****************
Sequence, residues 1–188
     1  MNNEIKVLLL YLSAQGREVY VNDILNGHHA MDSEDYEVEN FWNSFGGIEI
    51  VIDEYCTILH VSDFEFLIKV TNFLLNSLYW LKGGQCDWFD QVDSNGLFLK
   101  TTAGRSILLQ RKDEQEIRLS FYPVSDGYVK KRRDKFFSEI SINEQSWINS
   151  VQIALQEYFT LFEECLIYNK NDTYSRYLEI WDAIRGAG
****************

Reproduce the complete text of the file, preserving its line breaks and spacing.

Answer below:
Sequence, residues 1–188
     1  MNNEIKVLLL YLSAQGREVY VNDILNGHHA MDSEDYEVEN FWNSFGGIEI
    51  VIDEYCTILH VSDFEFLIKV TNFLLNSLYW LKGGQCDWFD QVDSNGLFLK
   101  TTAGRSILLQ RKDEQEIRLS FYPVSDGYVK KRRDKFFSEI SINEQSWINS
   151  VQIALQEYFT LFEECLIYNK NDTYSRYLEI WDAIRGAG